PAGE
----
Examples in Islamic jurisprudence

H. Afridi
3 min readMar 15, 2022


If you’ve read any classical text on Islamic jurisprudence, you must have noticed that the examples given to explain the reasoning and the structure of usul are disproportionately about divorce or freedom of slaves. For example, you’re studying the complex categorization of cause and effect relationships and trying to grapple with the subtle hairsplitting inter-school subtleties, yet as if its not frustrating enough, you find the author operationalizing it all in the context of divorce or freedom of slaves, of all the other interesting contracts in the world. Demotivating and downright frustrating.

So can we — the new generation enthusiasts of fiqh — replace these examples with more relevant and contemporary ones such as those about commercial dealings for example?

As with any problem, it’s important to know why the problem exists in the first place before attempting to solve it. So we know if we need to solve it and then how best to solve it. Why were topics such as divorce and freeing slaves such popular workhorse examples for explaining the nuances of legal theory among jurists? Is it bcs they were ‘men’ after all? or the culture in their time was so messed up so the men had nothing better to do than think of mind-spinning ways to divorce their wives and then begging scholars to undo their stupidity? or slavery was so common that it was unavoidable?

None of the above. The answer has to do with legal theory itself.

Briefly, divorce and freeing of slaves are (probably the only) contracts which are most flexible and impactful than other contracts. Remember the two keywords: impactful and flexible.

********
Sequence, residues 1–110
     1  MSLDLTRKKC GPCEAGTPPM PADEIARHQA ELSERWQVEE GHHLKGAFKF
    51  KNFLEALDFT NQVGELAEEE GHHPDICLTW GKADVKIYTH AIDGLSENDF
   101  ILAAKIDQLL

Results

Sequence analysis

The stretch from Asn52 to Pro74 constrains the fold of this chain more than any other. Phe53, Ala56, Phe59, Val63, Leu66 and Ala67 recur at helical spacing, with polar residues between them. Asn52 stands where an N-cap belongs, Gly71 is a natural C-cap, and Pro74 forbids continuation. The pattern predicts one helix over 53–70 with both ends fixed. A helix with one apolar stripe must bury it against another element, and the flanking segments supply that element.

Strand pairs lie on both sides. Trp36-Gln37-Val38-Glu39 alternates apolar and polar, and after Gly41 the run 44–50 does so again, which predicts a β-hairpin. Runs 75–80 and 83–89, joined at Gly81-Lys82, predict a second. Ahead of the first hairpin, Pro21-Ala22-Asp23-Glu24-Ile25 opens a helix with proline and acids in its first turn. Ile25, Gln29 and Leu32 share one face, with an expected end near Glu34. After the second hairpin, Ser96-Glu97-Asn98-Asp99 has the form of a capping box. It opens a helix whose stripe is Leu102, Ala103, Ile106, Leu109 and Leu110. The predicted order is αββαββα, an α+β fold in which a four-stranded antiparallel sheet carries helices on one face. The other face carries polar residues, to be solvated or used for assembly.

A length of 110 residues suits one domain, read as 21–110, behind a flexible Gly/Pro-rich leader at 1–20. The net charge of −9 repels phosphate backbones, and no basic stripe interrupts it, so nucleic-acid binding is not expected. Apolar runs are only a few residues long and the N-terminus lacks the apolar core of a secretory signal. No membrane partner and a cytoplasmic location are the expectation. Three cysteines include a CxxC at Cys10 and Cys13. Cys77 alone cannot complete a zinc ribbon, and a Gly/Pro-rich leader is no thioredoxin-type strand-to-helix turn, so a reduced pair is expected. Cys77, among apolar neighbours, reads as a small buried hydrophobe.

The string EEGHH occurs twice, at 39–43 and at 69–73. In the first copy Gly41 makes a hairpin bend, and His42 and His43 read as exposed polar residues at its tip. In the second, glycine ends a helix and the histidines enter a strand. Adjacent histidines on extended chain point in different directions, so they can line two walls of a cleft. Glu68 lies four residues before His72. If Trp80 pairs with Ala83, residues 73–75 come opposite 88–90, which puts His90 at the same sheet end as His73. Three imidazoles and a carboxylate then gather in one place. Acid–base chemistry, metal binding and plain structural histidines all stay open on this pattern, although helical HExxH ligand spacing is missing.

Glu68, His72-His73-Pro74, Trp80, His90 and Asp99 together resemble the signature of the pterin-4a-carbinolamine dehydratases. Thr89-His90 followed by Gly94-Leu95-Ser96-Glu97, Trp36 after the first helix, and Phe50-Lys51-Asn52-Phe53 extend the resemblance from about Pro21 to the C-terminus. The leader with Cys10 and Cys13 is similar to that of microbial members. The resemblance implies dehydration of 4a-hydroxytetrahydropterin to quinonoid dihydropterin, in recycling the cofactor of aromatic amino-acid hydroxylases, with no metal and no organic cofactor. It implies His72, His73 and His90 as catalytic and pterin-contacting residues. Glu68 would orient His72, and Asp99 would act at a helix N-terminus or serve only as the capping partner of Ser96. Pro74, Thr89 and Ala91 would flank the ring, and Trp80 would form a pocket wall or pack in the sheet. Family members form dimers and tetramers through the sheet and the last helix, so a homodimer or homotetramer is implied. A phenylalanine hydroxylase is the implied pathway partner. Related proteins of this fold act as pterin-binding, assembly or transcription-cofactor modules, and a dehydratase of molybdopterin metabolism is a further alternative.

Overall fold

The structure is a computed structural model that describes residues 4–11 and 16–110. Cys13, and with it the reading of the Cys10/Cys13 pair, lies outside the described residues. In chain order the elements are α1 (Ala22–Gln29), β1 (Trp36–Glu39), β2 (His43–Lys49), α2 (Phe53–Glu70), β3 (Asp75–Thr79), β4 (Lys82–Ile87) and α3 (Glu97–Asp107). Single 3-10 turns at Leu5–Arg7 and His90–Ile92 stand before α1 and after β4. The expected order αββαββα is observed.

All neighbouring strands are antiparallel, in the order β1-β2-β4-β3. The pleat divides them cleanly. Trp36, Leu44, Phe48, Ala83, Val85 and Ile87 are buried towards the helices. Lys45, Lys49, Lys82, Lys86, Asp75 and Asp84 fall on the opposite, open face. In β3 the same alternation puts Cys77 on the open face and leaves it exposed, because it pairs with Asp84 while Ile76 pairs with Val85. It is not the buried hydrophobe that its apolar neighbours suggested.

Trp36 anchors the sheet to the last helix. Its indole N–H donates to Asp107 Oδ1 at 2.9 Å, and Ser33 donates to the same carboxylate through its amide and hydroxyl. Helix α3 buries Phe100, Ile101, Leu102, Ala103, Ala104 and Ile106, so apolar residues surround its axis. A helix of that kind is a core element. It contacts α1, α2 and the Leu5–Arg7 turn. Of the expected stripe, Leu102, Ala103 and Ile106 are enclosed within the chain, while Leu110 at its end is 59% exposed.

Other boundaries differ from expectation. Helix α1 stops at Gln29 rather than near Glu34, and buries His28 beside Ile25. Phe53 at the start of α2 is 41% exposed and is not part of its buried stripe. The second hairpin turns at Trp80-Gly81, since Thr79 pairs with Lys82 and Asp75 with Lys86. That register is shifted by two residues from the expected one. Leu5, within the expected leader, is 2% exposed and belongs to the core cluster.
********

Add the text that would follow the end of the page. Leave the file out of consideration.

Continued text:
By flexibility I mean that:

  1. They can occur both unconditional(munajjaz) or conditional (mu’allaq),
  2. right now (hall)or bound on a future date (mudaf),

By being impactful I mean that:

  1. they give an immediate effect (e.g. transfer of ownership. To clarify, if i gift somebody sth, the contract isnt complete until he takes possession of the gift, but in sale contract, as soon as offer and acceptance are out of the mouth, ownership of the sold item transfers from seller to buyer. Point? sale contract is NOT impactful. But divorce and freeing slaves are.)
  2. are non-rescindable. (regardless of the other party’s knowledge or acceptance. e.g. An offer in a sale contract can be withdrawn before the other party accepts but a divorce can not be withdrawn even if the husband regrets the minute he pronounced it. So again, divorce/freeing slaves is a lot more impactful and undoable than a sale contract.)

Hence, it’s rare to find a contract that fulfills all four criteria mentioned above. Let’s take a sale contract for example. It’s impactful as it gives immediate effect and is non-rescindable but its NOT flexible. Hence, you cannot have future sale contract. It must be now and unconditional. Take lease, it can be contracted to take effect in future but it cannot be contingent upon a condition. Same goes with waqf, its impactful i.e. immediately effective and non-rescindable, but not fully flexible i.e. a waqf can be delayed to a date in future but can not be contingent upon a condition.

Considering all this, it makes sense to use divorce and freedom as examples. Bcs they are unique in that they could be deployed as a convenient analytical tool to demonstrate any conceivable subtlety of a legislative exercise. Simply bcs they are applicable in almost any scenario. Substituting these examples with more contemporary ones may be difficult, if not impossible.

But we can try, can’t we?



H. Afridi

Interested in everything good under (and above) the sun. Seeker of truth. Entrepreneur. Health, environment & grassroots sports enthusiast. Productivity freak